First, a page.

Moody Centre tops the list in MoneySense’s neighbourhood rankings
Clarke Street photo
MoneySense: Vancouver’s top neighbourhoods
You can afford to live in Vancouver and still have a backyard [click title for full article]
Note the “still have a backyard” — a desirable attribute!
About one year ago, we reported on MoneySense’s article:
Canada’s Best Places to Live 2014: Time to think small
Is there a theme emerging for Port Moody?
Moody Centre is Port Moody’s original town centre.
Port Moody as a whole has many unique and desirable neighbourhoods, and residents value the small-town character, beautiful geographic setting, sense of community, and much more. And we are still a relatively small city.
The April 2015 issue of MoneySense puts Moody Centre at #1 out of 118 greater Vancouver neighbourhoods.
Grading components: Price, value, momentum, realtor grade.
The sources for the article are related to the real estate industry.
“This tree-lined neighbourhood of single-family homes near Simon Fraser University certainly seems to offer value: Last year approximately 30 properties sold in this area at a benchmark price of just over $700,000—almost $50,000 less than the benchmark price for the Greater Vancouver Area. “Fact is, you get a lot more for your money in this community,” explains Rhonda Davis, a realtor with RE/MAX Crest Realty Westside. Plus there’s a mix of housing types: from newer townhomes, to older bungalows to side- and back-splits.”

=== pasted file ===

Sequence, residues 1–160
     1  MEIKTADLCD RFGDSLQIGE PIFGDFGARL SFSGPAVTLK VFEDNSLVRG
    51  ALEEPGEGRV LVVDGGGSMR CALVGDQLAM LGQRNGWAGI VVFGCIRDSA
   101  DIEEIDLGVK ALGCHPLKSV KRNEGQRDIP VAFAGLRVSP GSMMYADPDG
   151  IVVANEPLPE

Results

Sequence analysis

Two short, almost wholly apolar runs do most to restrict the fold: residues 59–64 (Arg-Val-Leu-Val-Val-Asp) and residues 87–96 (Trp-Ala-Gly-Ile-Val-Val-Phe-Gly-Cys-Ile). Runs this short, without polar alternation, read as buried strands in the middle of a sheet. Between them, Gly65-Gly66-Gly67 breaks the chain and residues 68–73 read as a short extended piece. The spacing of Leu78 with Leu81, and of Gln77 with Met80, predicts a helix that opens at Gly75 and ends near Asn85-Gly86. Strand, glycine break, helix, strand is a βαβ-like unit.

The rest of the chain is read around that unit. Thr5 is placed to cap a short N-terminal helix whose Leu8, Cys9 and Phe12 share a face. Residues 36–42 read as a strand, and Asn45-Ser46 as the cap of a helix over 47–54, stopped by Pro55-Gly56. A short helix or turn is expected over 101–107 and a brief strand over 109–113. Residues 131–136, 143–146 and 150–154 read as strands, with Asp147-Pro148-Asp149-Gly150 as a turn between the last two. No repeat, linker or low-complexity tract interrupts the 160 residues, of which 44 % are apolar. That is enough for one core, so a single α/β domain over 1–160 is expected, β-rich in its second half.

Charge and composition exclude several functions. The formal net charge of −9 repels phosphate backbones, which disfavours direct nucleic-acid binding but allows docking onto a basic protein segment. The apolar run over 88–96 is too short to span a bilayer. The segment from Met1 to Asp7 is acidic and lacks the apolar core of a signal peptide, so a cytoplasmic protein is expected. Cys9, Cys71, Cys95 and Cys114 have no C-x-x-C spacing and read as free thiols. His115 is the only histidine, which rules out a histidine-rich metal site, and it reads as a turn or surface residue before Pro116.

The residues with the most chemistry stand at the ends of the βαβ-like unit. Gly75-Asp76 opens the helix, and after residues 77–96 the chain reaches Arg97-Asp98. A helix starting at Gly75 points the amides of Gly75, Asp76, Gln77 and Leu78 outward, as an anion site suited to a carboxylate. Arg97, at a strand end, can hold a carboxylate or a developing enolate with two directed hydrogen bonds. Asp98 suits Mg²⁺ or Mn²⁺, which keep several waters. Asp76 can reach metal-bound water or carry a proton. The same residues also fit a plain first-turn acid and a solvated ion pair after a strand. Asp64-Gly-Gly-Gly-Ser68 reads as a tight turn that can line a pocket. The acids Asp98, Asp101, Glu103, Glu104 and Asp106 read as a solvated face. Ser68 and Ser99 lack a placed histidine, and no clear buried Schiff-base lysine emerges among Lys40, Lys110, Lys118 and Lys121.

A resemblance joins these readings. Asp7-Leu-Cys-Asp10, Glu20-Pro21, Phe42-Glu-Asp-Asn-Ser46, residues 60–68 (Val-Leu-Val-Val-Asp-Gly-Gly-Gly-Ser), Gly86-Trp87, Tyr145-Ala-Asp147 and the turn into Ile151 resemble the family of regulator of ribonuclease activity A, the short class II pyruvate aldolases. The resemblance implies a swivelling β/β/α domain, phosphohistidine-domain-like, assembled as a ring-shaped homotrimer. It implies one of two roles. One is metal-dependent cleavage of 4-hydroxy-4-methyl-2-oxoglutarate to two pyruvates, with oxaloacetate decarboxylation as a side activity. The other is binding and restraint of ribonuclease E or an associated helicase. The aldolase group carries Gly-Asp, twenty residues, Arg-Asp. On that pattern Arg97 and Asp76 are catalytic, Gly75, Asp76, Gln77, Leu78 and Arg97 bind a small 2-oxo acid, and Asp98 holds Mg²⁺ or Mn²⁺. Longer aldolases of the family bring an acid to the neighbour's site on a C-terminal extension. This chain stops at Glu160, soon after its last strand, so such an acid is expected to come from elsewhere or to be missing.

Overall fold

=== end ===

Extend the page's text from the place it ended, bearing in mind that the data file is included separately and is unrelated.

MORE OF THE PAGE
The article mentions [relatively] affordable homes, sense of community, and [head scratching here] “local residents can visit their community meat shop, bakery, or fruit stand, or they can hop in a car and drive 10 minutes to the IGA.”
For the full article, and table with rankings, click on the link (article title) above.
Although we are still a relatively small city of less than 40,000 people, we’ve been growing at a rate far exceeding the greater Vancouver area, and in fact most municipalities in Canada.
The almost Official Community Plan projects growth for Moody Centre at 300-400 percent, or about 15,000 additional residents, or possibly more, according to a footnote in the draft Parks and Recreation Master Plan.
Parks and Recreation Master Plan footnote: “While the City anticipates a city-wide population increase of 15,500 over the next 20 to 30 years, this core area alone could potentially accommodate a much greater number of new residents. Based on proposed changes in the OCP, the City anticipates that at full build-out this area could accommodate up to an additional 24,500 residents.”
Will we still have the same desirable attributes? Will we have green space and backyards? Will we have the same sense of community?
What list will we be on?